Here are the stories we want to tell:
- Love in the Tetons.* This September, something really special is happening in Grand Teton National Park: A wedding. But not just any wedding. The groom is a young Mexican-American from south-central Los Angeles, who had no connection with nature until an urban-youth program introduced him to the national parks and completely changed the trajectory of his life. The bride hails from a long line of migrant farm workers in Texas, but in 2006, at age 21, she left home for the first time to visit Kenai Fjord National Park in Alaska-- an experience that empowered her to break out of the migrant-worker cycle. Today, she serves as both an interpretive ranger and the youth and diversity outreach coordinator in Grand Teton National Park. We'll embed ourselves with their families, dig into stories about the generations of hard work and sacrifice that helped guide them to this special day in the Tetons, and reveal an important new vision of the "American Dream"-- one that blooms out of our living, breathing national parks.
- Swimming With Dinosaurs. Matt Balazik, a Richmond, Virginia, native, is doing groundbreaking work to help bring back and protect the Atlantic sturgeon, an ancient species thought to have gone extinct in the Chesapeake Bay and the national park site within its boundaries. These fish are enormous, weighing in at 400+ pounds. They sport armor, breech like whales in the James River, and have survived the most devastating events in Earth's history (they literally swam with the dinosaurs). It's a fantastic underdog story about the unlikely resurgence of a species, and the unlikely community that's welcoming the fish home.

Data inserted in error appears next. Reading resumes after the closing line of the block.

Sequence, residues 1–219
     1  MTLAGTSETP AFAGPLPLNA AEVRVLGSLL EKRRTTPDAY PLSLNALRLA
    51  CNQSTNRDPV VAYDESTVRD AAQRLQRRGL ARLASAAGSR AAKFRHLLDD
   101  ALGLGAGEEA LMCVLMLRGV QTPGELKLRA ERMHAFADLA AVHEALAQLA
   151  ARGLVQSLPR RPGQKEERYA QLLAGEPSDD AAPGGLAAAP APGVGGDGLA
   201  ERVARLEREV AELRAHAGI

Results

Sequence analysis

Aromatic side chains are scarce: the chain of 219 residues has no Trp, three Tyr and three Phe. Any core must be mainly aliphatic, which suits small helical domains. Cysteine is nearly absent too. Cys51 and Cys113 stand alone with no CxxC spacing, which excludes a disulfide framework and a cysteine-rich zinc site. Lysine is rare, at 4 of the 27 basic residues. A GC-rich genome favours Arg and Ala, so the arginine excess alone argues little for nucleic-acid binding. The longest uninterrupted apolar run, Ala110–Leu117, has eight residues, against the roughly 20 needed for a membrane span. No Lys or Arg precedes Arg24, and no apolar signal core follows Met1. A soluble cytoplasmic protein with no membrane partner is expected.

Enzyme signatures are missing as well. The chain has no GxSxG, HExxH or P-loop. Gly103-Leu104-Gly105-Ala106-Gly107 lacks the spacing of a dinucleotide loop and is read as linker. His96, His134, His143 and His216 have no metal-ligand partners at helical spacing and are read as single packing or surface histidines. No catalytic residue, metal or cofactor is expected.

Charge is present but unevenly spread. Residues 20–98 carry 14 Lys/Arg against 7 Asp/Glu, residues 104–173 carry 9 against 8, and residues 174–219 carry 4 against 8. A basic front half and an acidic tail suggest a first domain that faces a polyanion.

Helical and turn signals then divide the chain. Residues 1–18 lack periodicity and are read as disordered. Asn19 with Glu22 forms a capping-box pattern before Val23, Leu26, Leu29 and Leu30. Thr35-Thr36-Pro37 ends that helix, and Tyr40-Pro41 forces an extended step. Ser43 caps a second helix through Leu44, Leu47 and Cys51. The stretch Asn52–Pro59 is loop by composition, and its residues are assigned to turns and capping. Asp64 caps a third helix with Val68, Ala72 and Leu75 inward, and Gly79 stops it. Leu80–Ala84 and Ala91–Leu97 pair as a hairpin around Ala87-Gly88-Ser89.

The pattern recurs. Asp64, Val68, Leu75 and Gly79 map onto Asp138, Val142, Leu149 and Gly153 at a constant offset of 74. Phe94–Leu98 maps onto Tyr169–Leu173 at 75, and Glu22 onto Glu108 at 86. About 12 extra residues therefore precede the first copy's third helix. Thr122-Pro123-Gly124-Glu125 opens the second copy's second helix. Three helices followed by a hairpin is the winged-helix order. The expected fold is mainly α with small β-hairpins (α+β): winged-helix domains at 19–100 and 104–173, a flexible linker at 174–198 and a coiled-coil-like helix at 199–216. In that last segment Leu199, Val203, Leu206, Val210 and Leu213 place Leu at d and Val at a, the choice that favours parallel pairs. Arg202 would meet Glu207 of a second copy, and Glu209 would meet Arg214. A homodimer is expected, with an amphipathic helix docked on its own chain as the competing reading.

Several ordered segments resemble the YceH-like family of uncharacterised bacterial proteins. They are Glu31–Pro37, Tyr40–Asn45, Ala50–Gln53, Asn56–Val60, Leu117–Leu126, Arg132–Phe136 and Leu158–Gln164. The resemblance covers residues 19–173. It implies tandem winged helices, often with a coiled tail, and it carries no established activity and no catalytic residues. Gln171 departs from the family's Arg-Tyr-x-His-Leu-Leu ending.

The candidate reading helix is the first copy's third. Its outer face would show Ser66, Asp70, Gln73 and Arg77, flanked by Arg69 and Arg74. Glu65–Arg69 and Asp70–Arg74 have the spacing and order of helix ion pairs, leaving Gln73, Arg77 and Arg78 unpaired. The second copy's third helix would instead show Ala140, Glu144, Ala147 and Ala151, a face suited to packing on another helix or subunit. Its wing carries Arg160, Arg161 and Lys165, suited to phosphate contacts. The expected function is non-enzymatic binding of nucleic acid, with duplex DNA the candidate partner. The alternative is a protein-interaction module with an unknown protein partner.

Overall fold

- Beyond City Streets. A young ranger and his wife are raising their children miles from the nearest fire road in Yellowstone's wild, rugged backcountry. We find it hard to believe this kind of pioneer lifestyle still exists in America; we want to show you what it's like.
* We're ready to pull the trigger on any one of these stories this fall- but after recent talks with our sources in the Tetons, we're 99% sure we'll start there! We just need a little seed funding to cover travel expenses and hire a film editor to help us see our vision through. (Scroll down to see exactly what your donations are going towards.)
Here are several other films we'll pursue in 2014 and 2015:
- Native Hualupai teens learning to guide rafting trips through the Grand Canyon, to help stimulate the tribe's economy and reconnect with sacred land.
- Mexican firefighters standing side-by-side with the Park Service to help protect Big Bend.
- The annual pilgrimage of Manzanar's Japanese-American descendants.
- Great Basin's genius Night Sky Team, reviving our love affair with the cosmos.
- Young African-American girls gaining leadership experience by camping and exploring in the national parks.
- A portrait of the oldest ranger in the park system: An African-American woman reminding visitors that there were lots of Rosie-the-Riveters before WWII-- they just happened to be black.